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Guide to Sustainable Investing

If you’ve ever decided not to invest in a fund because it has stakes in tobacco, is invested in a casino, or owns the stocks of a mining company that practices open-pit mining, then you are no stranger to sustainable investing.

Excluding the stocks of companies you deem harmful to the environment or the well-being of communities is known as the negative or exclusionary screening sustainable investment strategy.

Sustainable investing is a financial investment approach that incorporates environmental, social, and governance (ESG) factors and considerations in making investment decisions.

If you plan to enroll in a CFA course and become a Chartered Financial Analyst (CFA), sustainable investing is a topic you need to learn and understand. The CFA Institute is committed to it and has announced that it will increase the CFA program curriculum’s sustainable investment content by 130%.

Even seasoned investment professionals would do well to learn sustainability investing as sustainable investing has become mainstream.

In its 2022 Asset and Wealth Management Revolution report, PwC revealed that the global ESG-related assets under management (AuM) will grow at a projected 12.9% compound annual growth rate (CAGR) and be valued at $33.9 trillion by 2026. By that time, ESG-related investing will comprise 21.5% of the total global AuM.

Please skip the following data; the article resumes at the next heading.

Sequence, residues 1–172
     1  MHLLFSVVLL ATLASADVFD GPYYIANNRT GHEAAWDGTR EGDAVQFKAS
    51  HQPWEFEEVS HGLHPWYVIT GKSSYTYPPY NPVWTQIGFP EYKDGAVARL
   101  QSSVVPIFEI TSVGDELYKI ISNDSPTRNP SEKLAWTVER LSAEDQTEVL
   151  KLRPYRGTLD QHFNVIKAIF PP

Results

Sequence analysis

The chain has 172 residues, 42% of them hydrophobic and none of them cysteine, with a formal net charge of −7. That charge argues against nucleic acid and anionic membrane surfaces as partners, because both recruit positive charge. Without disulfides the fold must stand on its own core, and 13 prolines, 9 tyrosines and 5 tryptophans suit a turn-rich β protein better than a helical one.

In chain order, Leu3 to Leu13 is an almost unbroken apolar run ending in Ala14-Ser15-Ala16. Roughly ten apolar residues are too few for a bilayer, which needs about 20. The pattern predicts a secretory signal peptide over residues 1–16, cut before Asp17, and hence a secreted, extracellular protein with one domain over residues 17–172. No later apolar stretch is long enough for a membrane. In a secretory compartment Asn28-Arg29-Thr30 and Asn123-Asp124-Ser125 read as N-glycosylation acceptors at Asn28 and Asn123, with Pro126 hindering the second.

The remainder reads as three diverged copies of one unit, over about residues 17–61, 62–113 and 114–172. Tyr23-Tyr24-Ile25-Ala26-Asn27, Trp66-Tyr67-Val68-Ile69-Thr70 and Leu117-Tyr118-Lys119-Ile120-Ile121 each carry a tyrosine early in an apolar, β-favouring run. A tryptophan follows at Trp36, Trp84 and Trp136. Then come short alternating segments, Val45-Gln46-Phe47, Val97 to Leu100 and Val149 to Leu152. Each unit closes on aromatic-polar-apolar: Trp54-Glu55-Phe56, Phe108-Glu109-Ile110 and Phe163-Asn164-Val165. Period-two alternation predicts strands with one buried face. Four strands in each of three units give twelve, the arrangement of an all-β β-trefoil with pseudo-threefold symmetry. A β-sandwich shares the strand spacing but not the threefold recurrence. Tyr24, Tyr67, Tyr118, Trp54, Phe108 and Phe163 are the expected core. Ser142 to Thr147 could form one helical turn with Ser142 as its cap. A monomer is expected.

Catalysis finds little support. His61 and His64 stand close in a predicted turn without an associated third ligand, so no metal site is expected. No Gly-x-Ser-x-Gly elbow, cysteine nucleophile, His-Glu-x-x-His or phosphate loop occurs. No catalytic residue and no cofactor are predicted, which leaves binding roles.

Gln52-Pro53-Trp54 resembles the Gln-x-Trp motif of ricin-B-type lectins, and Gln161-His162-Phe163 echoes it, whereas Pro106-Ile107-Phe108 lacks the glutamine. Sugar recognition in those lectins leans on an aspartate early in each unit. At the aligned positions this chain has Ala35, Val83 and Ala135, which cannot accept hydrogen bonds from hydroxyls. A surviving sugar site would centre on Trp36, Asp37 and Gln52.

So, what is sustainable investing? Read on as we provide an overview of the topic.

What Is Investing Sustainably?

Essentially, it’s investing in sustainable companies. Think electric car charging companies, recycling technologies, solar power ventures, companies striving for net zero carbon dioxide emissions, and manufacturers practicing the circular economy model of production.

We can’t leave it at that, however, or we run the risk of gross oversimplification. The CFA Institute gives a more precise definition, saying it’s an approach that balances traditional investing with ESG insights. In other words, it’s using environmental, social, and corporate governance considerations as primary criteria for making investment decisions.

Like traditional investing, a sustainable investment approach aims to produce financial returns and gains on money invested. However, it starts from the premise that ESG factors create economic value and equate to long-term gains.

Therefore, unlike traditional investors, sustainability investors look beyond net income and expense comparisons, growth and value performance, credit rating, and market capitalization, among other factors. They still look at these things but view them through a sustainability lens, specifically, through the ESG framework.

Why Sustainable Investment Makes Sense

Moving towards sustainability is the natural trajectory to investing.

The call for sustainability is persistent and universal, and businesses must accede to their end-consumer’s demand and preference for sustainable products, services, and brands. They must also comply with the legal and regulatory requirements and fulfill the expectations of governments and regulatory agencies.

In this context, investing in sustainable companies is the logical step forward.

The ESG Framework

There is no singular or unified ESG framework, and individual and institutional investors may formulate their own ESG index scoring system. However, below are examples of the typical ESG factors investors use to choose sustainable investment products.

You may use the list as is or build your own framework to apply to your own online investing activities. You can also learn more about ESG by enrolling in an online financial training course with a particular focus on sustainable investing.


Environmental considerations usually include things like:

  • Greenhouse gas emissions
  • Carbon footprint
  • Energy source (renewable)
  • Energy efficiency
  • Water management
  • Pollution and its management
  • Waste and its management (recycling, reusing, etc.)